>>Ted Simons:
Okay. Rescued. It passes. What passed? What is different now with this new formula as opposed for what you had?

>>David Peterson:
There's some significant differences. First of all, the formula now will fund basically 90\% of the excess utilities. Prior to that, excess utilities, what you spent above your baseline, you had a tax for, your local taxpayers paid for that. Now it's going to be funded under the state's general fund. So it goes into our normal budget. It's 90\%. Again one of the reasons it's 90\% is some legislative people, rightly so, said schools have to make a good faith effort. We have to conserve. So we have a 10\% component that we have to try to conserve those dollars in order to show that we are doing our part.

>>Ted Simons:
Can you do your part with energy -- I mean, energy costs are rising across the board. I mean, what are you doing to try to conserve and is it working?

>>David Peterson:
It's going to be difficult. We've done a lot of lighting upgrades in Scottsdale, we've changed temperature settings. I can tell you that from January to June of this year, we actually cut our consumption by 1.92\%. Almost 2\% consumption. But our actual costs went up 8\%. So I saved 2\% of use but I paid 8\% more to do it. And part of that is because of the rising costs of utilities. And we have to fund those things.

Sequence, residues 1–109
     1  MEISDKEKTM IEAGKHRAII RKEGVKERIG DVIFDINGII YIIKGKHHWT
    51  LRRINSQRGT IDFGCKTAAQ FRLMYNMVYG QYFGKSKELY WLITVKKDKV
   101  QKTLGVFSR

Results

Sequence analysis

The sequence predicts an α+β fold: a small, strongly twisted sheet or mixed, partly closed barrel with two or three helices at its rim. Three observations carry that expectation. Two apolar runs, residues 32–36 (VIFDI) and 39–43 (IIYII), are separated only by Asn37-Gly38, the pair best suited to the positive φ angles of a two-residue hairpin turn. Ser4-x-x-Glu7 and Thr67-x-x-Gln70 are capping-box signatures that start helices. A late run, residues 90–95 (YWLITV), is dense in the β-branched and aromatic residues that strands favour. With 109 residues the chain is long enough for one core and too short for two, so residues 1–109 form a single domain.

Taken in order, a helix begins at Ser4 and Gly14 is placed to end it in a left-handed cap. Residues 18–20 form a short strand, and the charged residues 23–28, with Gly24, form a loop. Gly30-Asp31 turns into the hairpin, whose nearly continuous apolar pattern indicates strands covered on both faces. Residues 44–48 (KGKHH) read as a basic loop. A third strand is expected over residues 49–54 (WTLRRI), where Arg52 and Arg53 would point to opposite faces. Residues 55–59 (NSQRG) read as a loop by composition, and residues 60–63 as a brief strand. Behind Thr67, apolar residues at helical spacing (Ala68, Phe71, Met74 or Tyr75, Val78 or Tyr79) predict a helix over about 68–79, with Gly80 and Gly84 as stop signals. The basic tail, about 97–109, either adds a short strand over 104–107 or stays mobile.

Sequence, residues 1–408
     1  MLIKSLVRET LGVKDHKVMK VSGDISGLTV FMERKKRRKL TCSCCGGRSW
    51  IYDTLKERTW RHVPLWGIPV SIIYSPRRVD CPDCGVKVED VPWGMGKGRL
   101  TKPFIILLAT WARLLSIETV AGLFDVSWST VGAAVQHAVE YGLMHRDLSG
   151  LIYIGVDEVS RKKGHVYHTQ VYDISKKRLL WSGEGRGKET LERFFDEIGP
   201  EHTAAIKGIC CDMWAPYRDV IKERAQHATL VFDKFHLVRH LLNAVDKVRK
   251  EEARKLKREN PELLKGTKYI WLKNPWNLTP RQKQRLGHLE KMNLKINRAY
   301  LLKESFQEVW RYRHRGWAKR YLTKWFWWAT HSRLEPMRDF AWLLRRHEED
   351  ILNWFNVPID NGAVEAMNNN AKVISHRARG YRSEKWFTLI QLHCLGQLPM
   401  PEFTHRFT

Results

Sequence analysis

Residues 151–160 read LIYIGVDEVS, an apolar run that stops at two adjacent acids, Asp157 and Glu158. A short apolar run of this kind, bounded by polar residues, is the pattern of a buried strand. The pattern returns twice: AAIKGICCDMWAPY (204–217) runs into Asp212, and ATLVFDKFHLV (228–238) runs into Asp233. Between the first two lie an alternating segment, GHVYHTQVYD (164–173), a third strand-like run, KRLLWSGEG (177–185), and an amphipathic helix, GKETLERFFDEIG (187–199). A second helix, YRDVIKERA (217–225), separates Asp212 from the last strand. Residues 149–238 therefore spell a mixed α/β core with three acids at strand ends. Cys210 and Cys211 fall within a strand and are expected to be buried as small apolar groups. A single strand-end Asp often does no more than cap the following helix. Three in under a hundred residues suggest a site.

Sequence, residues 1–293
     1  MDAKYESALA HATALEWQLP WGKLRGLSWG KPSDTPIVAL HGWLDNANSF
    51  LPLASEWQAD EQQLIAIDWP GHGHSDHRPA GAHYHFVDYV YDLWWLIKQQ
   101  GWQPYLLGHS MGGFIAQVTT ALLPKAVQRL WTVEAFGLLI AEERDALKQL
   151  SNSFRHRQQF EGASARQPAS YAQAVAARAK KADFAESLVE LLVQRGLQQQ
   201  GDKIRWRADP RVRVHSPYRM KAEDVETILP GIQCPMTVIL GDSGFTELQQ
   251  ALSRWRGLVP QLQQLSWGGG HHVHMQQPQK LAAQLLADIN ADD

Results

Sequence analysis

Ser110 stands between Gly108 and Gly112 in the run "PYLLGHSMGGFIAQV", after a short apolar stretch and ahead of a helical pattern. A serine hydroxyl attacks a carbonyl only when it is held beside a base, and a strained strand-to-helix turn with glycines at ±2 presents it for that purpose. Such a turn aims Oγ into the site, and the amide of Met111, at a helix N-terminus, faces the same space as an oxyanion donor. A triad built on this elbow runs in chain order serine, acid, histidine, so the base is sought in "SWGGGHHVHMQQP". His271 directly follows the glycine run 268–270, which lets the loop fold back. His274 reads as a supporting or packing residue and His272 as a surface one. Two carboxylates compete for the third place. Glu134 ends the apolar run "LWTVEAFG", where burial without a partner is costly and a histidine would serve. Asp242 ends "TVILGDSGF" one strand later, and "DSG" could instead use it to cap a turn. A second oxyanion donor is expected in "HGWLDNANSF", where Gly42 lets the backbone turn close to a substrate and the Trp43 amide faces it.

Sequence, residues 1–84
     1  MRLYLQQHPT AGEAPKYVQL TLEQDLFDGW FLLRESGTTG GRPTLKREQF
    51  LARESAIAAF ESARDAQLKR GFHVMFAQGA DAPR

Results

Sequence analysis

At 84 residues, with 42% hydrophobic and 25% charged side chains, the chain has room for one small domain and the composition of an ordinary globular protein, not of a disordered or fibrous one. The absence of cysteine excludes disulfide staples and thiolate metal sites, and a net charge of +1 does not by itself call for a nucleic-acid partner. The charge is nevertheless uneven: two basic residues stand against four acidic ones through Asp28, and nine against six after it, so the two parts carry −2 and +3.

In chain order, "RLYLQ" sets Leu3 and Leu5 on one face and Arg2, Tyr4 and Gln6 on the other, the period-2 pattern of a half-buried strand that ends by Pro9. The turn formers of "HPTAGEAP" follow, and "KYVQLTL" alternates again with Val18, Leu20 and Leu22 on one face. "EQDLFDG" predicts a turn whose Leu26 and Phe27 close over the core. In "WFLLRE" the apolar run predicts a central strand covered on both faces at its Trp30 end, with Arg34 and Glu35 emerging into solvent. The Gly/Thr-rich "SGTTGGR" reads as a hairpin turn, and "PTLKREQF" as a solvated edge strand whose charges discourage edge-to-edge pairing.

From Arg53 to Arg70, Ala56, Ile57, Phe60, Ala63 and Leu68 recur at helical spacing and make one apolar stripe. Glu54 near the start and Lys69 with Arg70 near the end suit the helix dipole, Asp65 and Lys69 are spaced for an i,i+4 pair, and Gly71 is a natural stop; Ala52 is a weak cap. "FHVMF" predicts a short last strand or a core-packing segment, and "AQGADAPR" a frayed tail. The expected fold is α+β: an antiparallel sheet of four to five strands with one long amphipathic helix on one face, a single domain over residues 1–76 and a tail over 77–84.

>>Ted Simons:
There had been some talk from other legislators about override votes and these sorts of things. Why was that not a good idea?

>>David Peterson:
To me, that type of legislation was just bad law. First of all, you have districts that can not pass an override. So how do you expect an override to actually pay for a basic cost of instruction? So we're asking our voters to go and pay for an override or vote in an override for something that first of all should be a basic component of instruction. And if the district can't pass it, how would they keep their lights on? They'd have to turn their lights off because they can't pass their override.

>>Ted Simons:
You get the new method of costs here and trying to control these costs and pay for these things. How long before this one sunsets?

>>David Peterson:
Right now it will go on through when proposition 301, which is probably another, gosh, it's another 11, 12 years. We should be in good shape. But hopefully by then some folks that are working on some new finance formulas will finally step up and we will have a new finance formula in Arizona so that we can see how schools will be funded in the future.

>>Ted Simons:
Very good. David, thank you so much for joining us. We appreciate.

>>David Peterson:
Thank you for having me